It stands to reason that an enthusiast who is passionate about a marque would be at least a little interested in machinery peripherally related to said marque. I am referring to vehicles which don’t immediately come to mind when thinking or talking about a brand. A vehicular outlier, let’s say.
For example, a BMW car enthusiast could be interested in BMW motorcycles, but that would be too obvious. Our enthusiast would be excited about BMW-powered boats. The Ferrari geek in our group would get excited not about the latest Pebble Beach results, but rather a Lancia Thema 8.32, a generic sedan stuffed full of glorious Ferrari V8.
Take my buddy Erik, for example. Erik has a small fleet of BMW 325iXs (E30s) and enough parts to keep them pushing through the long Minnesota winters. The 325iX he drives most often used to be the painter’s interpretation of Lachsilber (tint and metal flake content are negotiable) but is now primer black, and has a sticker across the rear window reading “quattro ist für sissies.”
For a while collecting them was a mild obsession; he was constantly scouring eBay and Craigslist for the next car. I think he finally gave up after pursuing a pair, one running and one dead, in Connecticut or somewhere else not close to Minnesota.
Erik’s summer ride is a very rare 1991 BMW 325iC M-Technic. It’s a real M-Technic, as opposed to the later appearance package available in 1992 and 1993. Erik’s car features a lowered suspension, 15-inch BBS basketweave wheels, full body kit, and the cool M-Technic cloth and leather interior, all from the factory. Processed cow skin covers the center console and various other interior surfaces. Erik’s is one of only 18 finished in Sterlingsilber and with a 5-speed manual transmission. It underwent a comprehensive restoration after an unfortunate run-in with a guardrail in Colorado on the way to Bimmerfest.
Erik has a BMW 325Xi (E46) that is perpetually for sale. He also had a really horrible BMW 535is (E28) which, not being salable, wound up in a field somewhere. The E46 and the E28 are fairly mainstream, while the 325iXs and the 325iC are borderline-outliers in the E30 universe. The real outlier, however is Erik’s Vixen 21 XC Motorcoach.
Vixen motorhomes enjoyed a short life in the late 1980s. They featured all the usual motorhome amenities, such as a bathroom, kitchenette, and bedroom. The molded fiberglass body rode atop a full-length steel frame. Most of the underlying elements came from other manufacturers: the front suspension, self-leveling rear suspension, power steering and brakes were GM; the clutch master cylinder was from Ford; the 5-speed manual gearbox was sourced from Renault. The gauges, all seven of them, were supplied by VDO.
They were the modern stylish personal living conveyance, looking like no other on the road or in your garage. The latter point is interesting, as the Vixen would actually fit in a normal, car-sized garage.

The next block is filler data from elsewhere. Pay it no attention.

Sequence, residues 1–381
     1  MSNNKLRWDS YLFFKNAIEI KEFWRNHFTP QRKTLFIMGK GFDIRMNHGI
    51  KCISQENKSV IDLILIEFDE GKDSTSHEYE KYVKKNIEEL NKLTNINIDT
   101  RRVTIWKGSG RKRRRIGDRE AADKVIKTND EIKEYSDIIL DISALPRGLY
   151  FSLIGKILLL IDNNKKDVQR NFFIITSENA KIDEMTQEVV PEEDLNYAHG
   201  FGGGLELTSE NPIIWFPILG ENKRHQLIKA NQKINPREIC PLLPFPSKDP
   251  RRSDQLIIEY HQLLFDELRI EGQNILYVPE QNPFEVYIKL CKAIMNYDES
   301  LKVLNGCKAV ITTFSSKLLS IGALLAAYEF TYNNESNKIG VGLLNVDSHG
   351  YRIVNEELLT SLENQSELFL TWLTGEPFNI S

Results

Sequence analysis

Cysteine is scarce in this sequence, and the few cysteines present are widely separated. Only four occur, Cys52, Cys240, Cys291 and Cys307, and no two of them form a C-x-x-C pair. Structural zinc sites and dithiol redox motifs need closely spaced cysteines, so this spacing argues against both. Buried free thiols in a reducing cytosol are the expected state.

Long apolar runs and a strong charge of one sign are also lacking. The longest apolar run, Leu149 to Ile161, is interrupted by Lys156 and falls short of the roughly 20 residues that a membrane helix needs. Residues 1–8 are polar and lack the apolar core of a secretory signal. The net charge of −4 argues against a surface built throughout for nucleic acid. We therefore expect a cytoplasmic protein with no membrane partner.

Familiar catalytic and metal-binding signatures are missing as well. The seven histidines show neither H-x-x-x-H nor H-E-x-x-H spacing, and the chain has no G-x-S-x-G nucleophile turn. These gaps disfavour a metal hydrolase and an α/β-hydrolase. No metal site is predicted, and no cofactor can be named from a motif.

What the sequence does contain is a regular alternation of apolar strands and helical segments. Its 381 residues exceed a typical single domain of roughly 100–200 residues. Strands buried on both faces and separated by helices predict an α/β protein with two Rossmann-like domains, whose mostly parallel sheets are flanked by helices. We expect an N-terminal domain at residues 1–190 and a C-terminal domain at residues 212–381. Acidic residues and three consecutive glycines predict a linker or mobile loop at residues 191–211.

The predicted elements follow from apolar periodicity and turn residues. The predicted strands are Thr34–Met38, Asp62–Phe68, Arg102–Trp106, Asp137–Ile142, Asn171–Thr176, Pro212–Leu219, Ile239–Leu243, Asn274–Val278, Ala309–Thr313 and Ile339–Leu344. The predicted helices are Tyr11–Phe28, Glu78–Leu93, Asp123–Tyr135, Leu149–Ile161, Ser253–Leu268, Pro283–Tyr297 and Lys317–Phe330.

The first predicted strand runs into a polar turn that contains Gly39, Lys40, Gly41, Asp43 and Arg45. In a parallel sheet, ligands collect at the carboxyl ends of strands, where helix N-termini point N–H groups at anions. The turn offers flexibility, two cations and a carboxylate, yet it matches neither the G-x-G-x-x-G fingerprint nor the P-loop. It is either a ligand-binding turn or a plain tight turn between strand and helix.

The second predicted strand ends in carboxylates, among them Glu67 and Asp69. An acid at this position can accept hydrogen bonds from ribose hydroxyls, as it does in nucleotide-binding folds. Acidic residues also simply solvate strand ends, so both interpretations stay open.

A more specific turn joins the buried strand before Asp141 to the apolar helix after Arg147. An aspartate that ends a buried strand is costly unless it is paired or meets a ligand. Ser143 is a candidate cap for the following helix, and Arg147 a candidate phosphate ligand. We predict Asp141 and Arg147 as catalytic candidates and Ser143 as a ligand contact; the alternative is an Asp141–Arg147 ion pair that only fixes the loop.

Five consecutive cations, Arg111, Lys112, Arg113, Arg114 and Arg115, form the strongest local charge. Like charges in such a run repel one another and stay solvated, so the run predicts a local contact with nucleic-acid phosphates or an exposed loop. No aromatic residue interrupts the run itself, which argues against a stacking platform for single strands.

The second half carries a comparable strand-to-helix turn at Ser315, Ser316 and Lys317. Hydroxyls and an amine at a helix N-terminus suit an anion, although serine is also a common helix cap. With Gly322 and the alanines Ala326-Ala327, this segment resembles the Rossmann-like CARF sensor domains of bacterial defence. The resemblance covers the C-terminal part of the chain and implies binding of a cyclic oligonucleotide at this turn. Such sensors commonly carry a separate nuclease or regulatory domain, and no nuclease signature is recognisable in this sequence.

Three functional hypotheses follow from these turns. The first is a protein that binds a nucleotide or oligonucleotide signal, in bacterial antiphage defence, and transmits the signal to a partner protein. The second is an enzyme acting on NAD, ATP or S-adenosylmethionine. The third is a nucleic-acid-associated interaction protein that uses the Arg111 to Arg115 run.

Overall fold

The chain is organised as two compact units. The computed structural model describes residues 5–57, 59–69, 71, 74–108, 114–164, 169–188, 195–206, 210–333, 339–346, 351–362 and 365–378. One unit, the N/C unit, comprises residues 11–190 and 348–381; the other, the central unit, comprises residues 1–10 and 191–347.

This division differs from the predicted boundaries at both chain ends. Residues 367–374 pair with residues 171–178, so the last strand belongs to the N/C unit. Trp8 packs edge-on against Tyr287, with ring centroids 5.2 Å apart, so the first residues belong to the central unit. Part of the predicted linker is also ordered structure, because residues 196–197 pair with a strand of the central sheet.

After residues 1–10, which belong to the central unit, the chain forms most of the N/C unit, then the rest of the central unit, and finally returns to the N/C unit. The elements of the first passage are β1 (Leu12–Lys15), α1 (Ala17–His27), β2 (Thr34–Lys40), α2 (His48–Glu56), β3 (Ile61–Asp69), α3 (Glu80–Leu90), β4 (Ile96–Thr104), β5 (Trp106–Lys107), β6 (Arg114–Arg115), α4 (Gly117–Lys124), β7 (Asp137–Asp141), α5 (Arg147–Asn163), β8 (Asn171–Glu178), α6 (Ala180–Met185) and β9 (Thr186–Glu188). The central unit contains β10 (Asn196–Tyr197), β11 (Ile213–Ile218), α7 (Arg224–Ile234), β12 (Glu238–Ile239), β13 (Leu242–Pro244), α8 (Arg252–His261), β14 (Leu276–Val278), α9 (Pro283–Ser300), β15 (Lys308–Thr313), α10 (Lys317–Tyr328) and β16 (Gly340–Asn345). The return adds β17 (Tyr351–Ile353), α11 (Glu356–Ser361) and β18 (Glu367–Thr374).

The outlier tie-in is they were powered by BMW’s M21 turbo-diesel, more commonly found in the BMW 524td (E28). “Commonly” isn’t really accurate, since US 524td production was short-lived but was still greater than the 587 motorhomes the Vixen Motor Company spat out of its Pontiac, Michigan factory. The efficient diesel, combined with a slippery .30 Cd, returned over 27 miles per gallon on the highway. With 115 horsepower pushing around 5000+ pounds, however, you wouldn’t be using those gallons in a hurry.
Erik’s Vixen was purchased from a guy in Florida by another friend of ours, Chris (the guy with the Range Rover miasma). The seller had been using the Vixen as a catering vehicle, which is interesting since the smell emanating from it was more swamp and cigarettes than tea and cookies. It has a round trapdoor cut into the floor, probably made shortly after the toilet broke.
Chris bought it and had it flat-bedded back to Minneapolis with the hope of having something interesting to cart around his vintage Yamaha racing motorcycles. However, the Vixen only has two doors, neither of which is big enough to easily pass a bike through. And so it sat under his deck until Erik adopted it several years ago.
Once he got it home, Erik stripped the sad remains of the interior. Currently, it is a nearly-empty fiberglass box filled with wires, most of which are not connected to anything. The last report I received led me to believe it needed a radiator and maybe an engine computer or injection pump to be roadworthy.
Erik and I have sick fantasies regarding the Vixen. Some revolve around engine swaps: The Vixen can get out of its own way, but nobody else’s. An BMW M20 gas engine, in stock 2.5- or 2.7-liter form, could easily be made to work. For that matter, so could an 24-valve M50 or M3-sourced S50. Of course, we have no idea how much abuse the Renault transmission can take. A new ‘box is $5200, so finding out could be financially devastating.
My reoccurring nightmare is turning it into a Volkswagen Type II-style flatbed pickup, complete with storage boxes under the floor. Erik alternates between adding a 10-foot-long Webasto roll-back canvas sunroof and lopping the roof off entirely and installing a hot tub. We’ve talked about finding a GM 4×4 platform with the same wheelbase and dropping the Vixen bodyshell on it. Now that it is again Fall, I’m sure we will again discuss installing airbags in the suspension, allowing it to rest on its belly, and using it as a ice fishing cabin. Why not, since it already has a hole in the floor?
When I tell Erik he needs a 1984 or 85 Lincoln Mark VII diesel, which also used BMW’s M21, he just shakes his head and walks away. “Come on, Erik,” I call out. “It’s like a slow, ugly 6-series!” I think it would be a wonderful complement to the Vixen, don’t you?